Purebred and Crossbred dogs pros and cons
In Australia, around 50 percent of owned dogs are purebred and the remainder 50 percent are cross bred. Crossbred dogs have become increasingly popular over the last 10 years.
Purebred dogs come from a closed gene pool, that is, they are not crossbred with another breed. Sometimes the word purebred is used synonymously with pedigreed, but purebred refers to the animal having a known ancestry, and pedigree refers to the written record of breeding of three to four generations. Not all purebred animals have their lineage in written form.
The Australian National Kennel Council (ANKC) guidelines for different purebred dog breeds includes – ideal characteristics, temperament, and appearance of a breed and ensures that the breed is fit for function with soundness essential.
There’s no right or wrong answer when it comes to choosing between a purebred or crossbred dog. We’ve listed the purebred and crossbred pros and cons below to help you with your decision making.
Purebred and crossbred dogs pros and cons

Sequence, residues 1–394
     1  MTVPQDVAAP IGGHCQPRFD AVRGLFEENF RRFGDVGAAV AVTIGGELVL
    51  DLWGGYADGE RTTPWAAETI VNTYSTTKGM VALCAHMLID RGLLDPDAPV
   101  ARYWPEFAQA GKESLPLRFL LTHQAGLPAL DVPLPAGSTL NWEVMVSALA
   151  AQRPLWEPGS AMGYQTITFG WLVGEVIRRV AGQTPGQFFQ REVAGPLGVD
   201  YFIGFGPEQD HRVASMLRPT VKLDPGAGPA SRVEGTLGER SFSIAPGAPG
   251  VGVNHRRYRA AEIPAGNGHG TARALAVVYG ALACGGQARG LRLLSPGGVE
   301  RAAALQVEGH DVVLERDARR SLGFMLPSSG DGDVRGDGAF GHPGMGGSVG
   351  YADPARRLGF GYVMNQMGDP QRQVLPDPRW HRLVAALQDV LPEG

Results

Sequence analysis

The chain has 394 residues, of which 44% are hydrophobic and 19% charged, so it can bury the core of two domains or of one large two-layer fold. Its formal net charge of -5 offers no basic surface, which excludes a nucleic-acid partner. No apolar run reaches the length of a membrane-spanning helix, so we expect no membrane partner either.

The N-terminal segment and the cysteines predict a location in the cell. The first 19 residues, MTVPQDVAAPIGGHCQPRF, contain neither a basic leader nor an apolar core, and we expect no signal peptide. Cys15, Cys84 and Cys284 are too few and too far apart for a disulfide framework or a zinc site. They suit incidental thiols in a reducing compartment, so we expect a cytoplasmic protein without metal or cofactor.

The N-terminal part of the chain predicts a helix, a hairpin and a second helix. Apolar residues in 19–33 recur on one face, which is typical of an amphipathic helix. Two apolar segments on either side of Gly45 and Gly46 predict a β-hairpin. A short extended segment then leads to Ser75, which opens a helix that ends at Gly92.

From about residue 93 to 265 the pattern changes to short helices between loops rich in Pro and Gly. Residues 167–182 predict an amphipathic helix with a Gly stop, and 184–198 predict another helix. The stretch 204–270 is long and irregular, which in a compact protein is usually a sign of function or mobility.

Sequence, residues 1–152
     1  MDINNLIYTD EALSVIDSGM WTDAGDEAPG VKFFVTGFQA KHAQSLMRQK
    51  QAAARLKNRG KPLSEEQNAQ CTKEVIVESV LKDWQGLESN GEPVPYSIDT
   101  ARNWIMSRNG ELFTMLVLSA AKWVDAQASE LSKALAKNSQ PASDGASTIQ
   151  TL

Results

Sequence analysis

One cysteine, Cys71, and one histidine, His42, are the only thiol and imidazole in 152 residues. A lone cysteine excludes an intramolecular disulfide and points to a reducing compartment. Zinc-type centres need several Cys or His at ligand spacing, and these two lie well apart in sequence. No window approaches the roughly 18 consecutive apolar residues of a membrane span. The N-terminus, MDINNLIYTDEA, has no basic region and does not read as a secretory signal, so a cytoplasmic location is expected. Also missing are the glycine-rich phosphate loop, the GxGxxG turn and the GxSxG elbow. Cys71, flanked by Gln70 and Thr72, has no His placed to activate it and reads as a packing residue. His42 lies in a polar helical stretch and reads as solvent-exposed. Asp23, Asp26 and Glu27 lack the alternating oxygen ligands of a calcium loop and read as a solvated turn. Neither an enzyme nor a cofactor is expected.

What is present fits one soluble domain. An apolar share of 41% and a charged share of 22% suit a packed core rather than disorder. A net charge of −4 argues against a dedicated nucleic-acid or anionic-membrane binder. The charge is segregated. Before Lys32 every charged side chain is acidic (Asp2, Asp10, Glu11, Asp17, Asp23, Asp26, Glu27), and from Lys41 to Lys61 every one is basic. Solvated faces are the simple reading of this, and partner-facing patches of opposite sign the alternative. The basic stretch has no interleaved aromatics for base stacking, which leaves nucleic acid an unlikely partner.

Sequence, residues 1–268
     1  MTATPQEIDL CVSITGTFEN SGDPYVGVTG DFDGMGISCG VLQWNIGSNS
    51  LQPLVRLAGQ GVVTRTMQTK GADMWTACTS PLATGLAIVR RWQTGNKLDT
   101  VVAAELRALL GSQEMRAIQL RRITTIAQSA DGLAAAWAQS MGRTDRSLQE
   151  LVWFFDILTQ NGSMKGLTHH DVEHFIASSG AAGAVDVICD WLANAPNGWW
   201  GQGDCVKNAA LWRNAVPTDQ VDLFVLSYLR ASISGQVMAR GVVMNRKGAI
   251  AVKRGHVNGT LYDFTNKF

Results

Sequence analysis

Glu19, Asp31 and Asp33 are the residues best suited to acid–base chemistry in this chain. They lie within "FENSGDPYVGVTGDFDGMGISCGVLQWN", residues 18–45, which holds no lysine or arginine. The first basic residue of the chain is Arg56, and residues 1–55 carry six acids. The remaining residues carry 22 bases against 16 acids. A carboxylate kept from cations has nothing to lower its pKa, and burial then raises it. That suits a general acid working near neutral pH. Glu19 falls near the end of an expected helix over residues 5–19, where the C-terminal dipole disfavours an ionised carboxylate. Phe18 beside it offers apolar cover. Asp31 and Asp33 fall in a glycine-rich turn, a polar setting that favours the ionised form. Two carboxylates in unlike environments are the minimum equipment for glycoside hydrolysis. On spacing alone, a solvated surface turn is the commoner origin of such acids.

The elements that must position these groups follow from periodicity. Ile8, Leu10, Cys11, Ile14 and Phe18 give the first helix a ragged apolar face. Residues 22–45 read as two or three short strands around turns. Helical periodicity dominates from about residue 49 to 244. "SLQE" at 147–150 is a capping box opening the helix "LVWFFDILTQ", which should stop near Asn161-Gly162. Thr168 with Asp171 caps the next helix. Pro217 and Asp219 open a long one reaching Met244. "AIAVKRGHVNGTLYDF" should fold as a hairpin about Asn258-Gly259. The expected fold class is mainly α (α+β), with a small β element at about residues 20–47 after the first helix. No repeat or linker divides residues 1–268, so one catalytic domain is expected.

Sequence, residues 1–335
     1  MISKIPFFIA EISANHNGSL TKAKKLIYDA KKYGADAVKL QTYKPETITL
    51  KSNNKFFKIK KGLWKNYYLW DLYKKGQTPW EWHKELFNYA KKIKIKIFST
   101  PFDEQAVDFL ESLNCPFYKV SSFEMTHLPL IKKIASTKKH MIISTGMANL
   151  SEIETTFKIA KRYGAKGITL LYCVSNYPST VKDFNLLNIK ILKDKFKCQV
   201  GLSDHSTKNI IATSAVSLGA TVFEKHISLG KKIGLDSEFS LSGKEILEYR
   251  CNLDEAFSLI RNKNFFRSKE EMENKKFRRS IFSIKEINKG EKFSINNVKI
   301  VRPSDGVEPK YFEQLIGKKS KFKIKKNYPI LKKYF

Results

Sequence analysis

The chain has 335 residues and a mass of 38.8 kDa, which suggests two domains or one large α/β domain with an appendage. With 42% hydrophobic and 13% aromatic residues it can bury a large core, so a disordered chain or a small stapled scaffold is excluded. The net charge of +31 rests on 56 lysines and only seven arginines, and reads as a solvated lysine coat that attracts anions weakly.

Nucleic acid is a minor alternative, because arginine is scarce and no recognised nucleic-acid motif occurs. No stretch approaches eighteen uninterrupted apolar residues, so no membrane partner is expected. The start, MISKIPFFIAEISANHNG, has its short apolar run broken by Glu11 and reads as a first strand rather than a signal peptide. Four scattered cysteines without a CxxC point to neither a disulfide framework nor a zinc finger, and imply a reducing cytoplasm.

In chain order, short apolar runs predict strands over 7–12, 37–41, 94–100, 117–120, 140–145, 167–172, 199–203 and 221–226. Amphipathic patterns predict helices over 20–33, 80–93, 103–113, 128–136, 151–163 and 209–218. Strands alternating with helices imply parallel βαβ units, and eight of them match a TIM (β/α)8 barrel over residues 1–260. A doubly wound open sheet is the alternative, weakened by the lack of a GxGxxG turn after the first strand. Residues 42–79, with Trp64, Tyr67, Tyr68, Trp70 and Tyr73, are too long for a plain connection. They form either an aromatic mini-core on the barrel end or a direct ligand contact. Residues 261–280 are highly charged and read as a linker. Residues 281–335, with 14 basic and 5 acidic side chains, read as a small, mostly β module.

|PUREBRED||1. To a certain extent, behaviour and characteristics can be predicted, however, all dogs are individuals and their behaviour can still vary greatly within the breed.||1. Some breeds have serious inherited disorders. Choose your dog breed wisely!|
|2. Has a known ancestry. Pedigreed dogs have a written record of breeding.|
|3. The breeding is more regulated. However, there are good and bad breeders.|
|CROSSBRED||1. Considered to have a lower risk of inherited diseases than purebred dogs, although health problems from the parents may still be passed on.||1. It can be difficult to determine the exact breeding of some crossbred dogs unless you can view the parents at the breeder's premises.|
|2. Generally live longer than purebred dogs due to hyrbrid vigour according to a study 'Longevity and mortality of owned dogs in England'.||2. The breeding is less regulated. There are good and bad breeders.|
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